Many medicinal compounds are used as chemical defense agents in whole plants. These metabolites often have activities as phytoalexins which are induced in response to fungal attack, that is, to act as endogenous chemical weapons for defense in plants. For example, berberine and sanguinarine are antibacterial and antifungal agents (Schmeller et al., 1997). These chemicals are also produced in cells/tissues cultured In vitro, even though they are cultivated under aseptic conditions without infection by microbes or attack by animals. The high expression of pathogenesis-related protein genes, as well as of cell proliferation-related genes in cultured cells, has been indicated by protein analysis and expressed sequence tag (EST)- and microarray analyses, indicating that the cell cultures exhibit stress responses (Sasaki et al., 1994; Takeda et al., 1990; Sato et al., unpublished data).

FIGURE 11.5 Active jasmonic acid structure. JA; R=H; MeJA, R=CH3.
FIGURE 11.5 Active jasmonic acid structure.
JA; R=H; MeJA, R=CH3.
JA (or MeJA) (Fig. 11.5) is an active component in stress responses, especially in elicitation induced by microbial cell walls, heavy metals, and so on (Gundlach et al., 1992; Zhao et al., 2005). Among signal mediators, JA has a pronounced effect in the production of several secondary metabolites, including paclitaxel (Yukimune et al., 1996). However, the application of JA alone is not sufficient to induce the entire biosynthetic pathway for indole alkaloids (Eilert et al., 1987; Van Der Fits and Memelink, 2000): the application of JA induced only a set of biosynthetic genes (Fig. 11.3). Some high-metabolite-producing cells do not respond to JA, suggesting that the signal transduction system and/or the expression of some downstream biosynthetic gene(s) may be highly activated during cell selection (Sato et al., unpublished data). While many of the biosynthetic genes in secondary metabolism respond to JA, PMT in tropane alkaloid synthesis does not (Suzuki et al., 1999a).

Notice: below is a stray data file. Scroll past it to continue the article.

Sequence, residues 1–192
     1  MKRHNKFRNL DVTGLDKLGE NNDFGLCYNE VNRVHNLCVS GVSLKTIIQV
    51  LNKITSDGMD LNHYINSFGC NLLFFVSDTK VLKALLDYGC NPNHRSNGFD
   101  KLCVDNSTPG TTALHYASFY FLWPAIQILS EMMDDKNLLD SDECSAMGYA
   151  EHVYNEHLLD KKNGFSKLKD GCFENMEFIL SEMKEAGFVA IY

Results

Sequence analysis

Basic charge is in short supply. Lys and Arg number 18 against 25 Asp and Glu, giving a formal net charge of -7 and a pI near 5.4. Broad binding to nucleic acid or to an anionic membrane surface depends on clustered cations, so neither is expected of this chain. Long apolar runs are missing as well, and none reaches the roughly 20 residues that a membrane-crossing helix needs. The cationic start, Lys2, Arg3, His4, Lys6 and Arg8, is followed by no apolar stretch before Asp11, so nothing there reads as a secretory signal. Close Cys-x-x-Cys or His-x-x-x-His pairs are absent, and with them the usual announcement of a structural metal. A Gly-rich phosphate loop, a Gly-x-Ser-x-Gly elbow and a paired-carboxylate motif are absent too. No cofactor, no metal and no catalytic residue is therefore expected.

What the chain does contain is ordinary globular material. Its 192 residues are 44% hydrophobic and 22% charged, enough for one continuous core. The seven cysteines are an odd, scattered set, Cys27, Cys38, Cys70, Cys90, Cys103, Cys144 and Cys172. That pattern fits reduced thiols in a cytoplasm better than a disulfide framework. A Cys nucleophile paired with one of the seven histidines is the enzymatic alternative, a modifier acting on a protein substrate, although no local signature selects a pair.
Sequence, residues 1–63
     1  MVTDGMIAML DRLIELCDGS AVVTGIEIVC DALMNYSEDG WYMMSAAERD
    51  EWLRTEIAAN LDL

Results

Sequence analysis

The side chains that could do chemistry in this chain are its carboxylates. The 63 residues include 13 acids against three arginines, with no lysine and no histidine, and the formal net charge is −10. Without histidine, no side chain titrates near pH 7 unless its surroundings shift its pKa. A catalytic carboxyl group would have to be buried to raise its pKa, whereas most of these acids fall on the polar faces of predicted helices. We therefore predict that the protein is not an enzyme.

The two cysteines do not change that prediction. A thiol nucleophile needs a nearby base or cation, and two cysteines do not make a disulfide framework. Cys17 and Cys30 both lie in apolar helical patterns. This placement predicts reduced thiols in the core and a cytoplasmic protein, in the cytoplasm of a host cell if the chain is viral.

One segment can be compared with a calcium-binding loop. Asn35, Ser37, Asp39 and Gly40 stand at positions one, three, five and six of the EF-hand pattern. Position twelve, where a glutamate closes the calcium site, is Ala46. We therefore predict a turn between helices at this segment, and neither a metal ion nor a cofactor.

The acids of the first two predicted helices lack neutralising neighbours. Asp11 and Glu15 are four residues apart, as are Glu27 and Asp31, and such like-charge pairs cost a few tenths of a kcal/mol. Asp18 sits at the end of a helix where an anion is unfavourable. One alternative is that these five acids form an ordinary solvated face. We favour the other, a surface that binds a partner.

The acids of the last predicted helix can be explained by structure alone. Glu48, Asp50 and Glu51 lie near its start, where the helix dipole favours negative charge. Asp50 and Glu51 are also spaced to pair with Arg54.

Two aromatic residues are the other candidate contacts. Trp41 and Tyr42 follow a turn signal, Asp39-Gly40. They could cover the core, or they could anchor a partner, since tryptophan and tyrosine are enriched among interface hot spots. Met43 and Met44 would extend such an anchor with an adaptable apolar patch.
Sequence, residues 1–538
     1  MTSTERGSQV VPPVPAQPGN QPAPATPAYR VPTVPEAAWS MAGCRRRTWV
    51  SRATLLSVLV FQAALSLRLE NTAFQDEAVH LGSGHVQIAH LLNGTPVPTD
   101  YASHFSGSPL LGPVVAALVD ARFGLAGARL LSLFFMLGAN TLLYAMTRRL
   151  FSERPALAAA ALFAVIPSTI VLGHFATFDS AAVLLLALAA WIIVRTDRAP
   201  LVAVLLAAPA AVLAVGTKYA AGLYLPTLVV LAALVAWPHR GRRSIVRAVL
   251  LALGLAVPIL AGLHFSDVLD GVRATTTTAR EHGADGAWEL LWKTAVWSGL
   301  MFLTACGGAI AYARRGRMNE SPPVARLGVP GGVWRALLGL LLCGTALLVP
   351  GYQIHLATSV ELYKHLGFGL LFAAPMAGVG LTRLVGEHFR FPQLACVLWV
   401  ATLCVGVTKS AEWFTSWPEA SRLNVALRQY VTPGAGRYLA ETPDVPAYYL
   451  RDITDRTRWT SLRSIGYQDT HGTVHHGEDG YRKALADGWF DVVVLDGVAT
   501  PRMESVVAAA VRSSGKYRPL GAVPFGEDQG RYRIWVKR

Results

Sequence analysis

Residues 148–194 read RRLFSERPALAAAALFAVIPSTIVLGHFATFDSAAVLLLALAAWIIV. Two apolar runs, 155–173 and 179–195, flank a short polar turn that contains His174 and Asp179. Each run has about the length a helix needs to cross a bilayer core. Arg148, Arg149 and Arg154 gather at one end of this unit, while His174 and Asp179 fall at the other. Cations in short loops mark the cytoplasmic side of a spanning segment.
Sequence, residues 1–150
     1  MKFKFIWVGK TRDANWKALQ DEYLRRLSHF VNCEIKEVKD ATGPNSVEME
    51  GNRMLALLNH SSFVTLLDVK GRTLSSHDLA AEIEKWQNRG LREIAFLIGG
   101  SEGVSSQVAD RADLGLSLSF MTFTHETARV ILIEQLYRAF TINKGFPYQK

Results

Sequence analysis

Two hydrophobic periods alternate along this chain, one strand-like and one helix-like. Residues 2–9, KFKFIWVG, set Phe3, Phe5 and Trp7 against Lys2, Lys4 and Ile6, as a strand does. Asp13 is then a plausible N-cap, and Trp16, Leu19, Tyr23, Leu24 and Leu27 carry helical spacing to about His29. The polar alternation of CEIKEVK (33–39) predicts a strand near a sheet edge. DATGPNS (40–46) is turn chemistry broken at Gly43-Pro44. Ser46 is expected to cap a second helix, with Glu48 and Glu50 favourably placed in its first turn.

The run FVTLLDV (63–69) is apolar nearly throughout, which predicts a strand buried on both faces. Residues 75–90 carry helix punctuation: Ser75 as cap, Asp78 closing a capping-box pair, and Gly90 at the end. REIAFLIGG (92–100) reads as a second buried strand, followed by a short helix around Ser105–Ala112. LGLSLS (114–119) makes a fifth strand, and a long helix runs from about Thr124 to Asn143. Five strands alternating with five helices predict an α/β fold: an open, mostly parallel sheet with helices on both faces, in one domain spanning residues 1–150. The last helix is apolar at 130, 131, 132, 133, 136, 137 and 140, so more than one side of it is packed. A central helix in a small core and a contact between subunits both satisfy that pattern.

Regarding defense responses, we have identified several mediators for such signals other than JA, including salicylic acid (SA) and ethylene. Recent advances in the molecular biology of signal transduction have shown that the overall mechanism of regulation of the expression of defense genes is more complicated and divergent among plant species than expected (Vom Endt et al., 2002; Zhao et al., 2005): for example, the ‘‘ethylene response factor 1’’ in Arabidopsis acts downstream of the intersection between the ethylene and JA pathways, suggesting that these signals are somehow integrated (Lorenzo et al., 2003; Vom Endt et al., 2002). Although a general antagonism between JA and SA and synergistic interaction between JA and ethylene have been noted in plant–pathogen interactions, it is still too early to make any definite conclusions about this topic.